Lemma Lucas theorem

Main Question or Discussion Point

Hi. I dont understand the following proof.

Lemma
Let p be a prime number and 1<=k<=p-1, then:
${p \choose k} \equiv 0 \pmod{p}$

Proof

${p \choose k} = \frac{p!}{k!(p-k)!}$. Since $p | p!$ but $p \not | k! \land p \not | (p-k)!$ the proof follows.

I think here what you want to show is that p divides the binomial coefficient, but how does the proof do that?

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I am assuming p is prime. Do you agree that p divides p! and that p does not divide k! and that p does not divide (p-k)! ?

If so, then p must divide p choose k since there are no factors of p in the denominator that would "cancel" the p in the numerator.

As a side note, I would suggest not using the wedge things in a proof (or at all.) They are confusing.

I am assuming p is prime. Do you agree that p divides p! and that p does not divide k! and that p does not divide (p-k)! ?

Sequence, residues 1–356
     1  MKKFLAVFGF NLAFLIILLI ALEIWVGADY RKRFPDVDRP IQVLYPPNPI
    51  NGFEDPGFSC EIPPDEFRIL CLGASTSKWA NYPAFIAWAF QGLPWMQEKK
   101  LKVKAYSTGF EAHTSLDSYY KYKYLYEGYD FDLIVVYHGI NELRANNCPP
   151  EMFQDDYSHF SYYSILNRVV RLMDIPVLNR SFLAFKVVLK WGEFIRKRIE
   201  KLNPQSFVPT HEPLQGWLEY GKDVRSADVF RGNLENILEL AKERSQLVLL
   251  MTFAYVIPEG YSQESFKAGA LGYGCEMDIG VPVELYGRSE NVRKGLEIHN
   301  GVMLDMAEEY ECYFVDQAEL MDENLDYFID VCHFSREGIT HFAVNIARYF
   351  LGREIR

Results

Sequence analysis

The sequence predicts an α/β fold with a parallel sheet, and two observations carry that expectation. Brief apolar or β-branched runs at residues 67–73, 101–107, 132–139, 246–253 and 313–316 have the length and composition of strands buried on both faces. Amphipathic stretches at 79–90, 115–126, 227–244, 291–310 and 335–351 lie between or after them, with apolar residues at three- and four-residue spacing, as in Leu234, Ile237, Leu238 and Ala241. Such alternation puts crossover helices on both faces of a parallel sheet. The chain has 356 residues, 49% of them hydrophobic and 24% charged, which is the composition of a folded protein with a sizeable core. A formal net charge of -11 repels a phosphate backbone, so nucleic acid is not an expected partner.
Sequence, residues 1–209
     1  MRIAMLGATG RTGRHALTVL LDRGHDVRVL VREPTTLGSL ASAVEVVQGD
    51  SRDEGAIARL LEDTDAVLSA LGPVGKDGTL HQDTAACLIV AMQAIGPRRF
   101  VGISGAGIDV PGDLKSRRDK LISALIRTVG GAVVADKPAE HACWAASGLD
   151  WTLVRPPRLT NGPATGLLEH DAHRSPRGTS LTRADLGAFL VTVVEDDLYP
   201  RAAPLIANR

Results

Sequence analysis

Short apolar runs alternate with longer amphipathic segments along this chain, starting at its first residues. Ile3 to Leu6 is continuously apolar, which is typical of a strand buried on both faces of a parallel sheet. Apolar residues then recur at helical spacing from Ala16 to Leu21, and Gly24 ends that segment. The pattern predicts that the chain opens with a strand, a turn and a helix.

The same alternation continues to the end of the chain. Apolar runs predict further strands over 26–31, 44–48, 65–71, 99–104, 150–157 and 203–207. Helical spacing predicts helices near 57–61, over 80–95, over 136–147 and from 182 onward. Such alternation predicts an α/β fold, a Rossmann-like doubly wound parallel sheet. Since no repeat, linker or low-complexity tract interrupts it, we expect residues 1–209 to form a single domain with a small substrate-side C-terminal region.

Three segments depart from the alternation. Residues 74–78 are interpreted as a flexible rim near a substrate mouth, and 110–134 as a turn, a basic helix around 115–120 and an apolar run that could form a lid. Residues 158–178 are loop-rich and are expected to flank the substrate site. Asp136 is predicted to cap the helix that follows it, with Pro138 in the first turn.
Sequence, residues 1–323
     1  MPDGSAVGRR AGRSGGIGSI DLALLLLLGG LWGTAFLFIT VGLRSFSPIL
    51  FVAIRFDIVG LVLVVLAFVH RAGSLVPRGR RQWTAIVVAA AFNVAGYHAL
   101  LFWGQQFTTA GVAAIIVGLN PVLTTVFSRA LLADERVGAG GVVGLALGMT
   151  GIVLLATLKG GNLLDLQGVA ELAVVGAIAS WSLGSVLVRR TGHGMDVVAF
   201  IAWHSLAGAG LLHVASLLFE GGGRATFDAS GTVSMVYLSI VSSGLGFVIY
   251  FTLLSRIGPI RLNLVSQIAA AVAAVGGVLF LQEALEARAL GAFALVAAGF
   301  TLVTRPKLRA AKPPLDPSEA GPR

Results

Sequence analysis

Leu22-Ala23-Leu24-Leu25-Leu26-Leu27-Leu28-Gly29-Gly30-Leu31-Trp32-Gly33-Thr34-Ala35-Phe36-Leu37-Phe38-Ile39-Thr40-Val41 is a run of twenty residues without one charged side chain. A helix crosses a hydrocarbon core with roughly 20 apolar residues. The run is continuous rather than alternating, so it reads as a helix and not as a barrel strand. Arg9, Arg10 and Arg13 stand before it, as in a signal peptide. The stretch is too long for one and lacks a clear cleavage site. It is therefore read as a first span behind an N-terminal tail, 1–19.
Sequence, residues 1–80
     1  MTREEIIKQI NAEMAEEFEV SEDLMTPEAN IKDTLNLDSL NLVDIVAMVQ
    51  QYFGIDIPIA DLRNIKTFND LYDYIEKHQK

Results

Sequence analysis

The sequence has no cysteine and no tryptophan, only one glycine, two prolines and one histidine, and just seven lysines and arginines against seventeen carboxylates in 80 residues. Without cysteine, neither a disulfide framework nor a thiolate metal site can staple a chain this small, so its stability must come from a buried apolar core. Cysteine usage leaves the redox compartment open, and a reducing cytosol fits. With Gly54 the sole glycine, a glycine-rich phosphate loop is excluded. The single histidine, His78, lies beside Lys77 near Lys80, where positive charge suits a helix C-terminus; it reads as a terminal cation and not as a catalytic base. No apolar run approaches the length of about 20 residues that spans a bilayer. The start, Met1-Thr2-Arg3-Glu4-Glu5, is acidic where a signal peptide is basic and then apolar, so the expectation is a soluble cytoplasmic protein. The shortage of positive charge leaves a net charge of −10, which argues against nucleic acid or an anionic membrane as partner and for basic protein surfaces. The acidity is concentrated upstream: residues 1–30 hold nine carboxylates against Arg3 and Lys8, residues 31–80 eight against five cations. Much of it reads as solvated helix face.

Agreed.
If so, then p must divide p choose k since there are no factors of p in the denominator that would "cancel" the p in the numerator.
I dont understand this.
As a side note, I would suggest not using the wedge things in a proof (or at all.) They are confusing.
Ok thanks.

AlephZero
Homework Helper
$k$ and $(p-k)$ are both less than $p$.

So, all the prime factors of $k\,!$ and of $(p-k)!$ are less than $p$.

$p$ is a prime, so $p$ can't divide a number whose prime factors are all less than $p$.

$k$ and $(p-k)$ are both less than $p$.

So, all the prime factors of $k\,!$ and of $(p-k)!$ are less than $p$.

$p$ is a prime, so $p$ can't divide a number whose prime factors are all less than $p$.
Doesnt this imply that p does not divide p choose k?

It means that p divides the numerator of the fraction but not the denominator. So, p divides the fraction.

1 person
It means that p divides the numerator of the fraction but not the denominator. So, p divides the fraction.
Ah of course, thank you.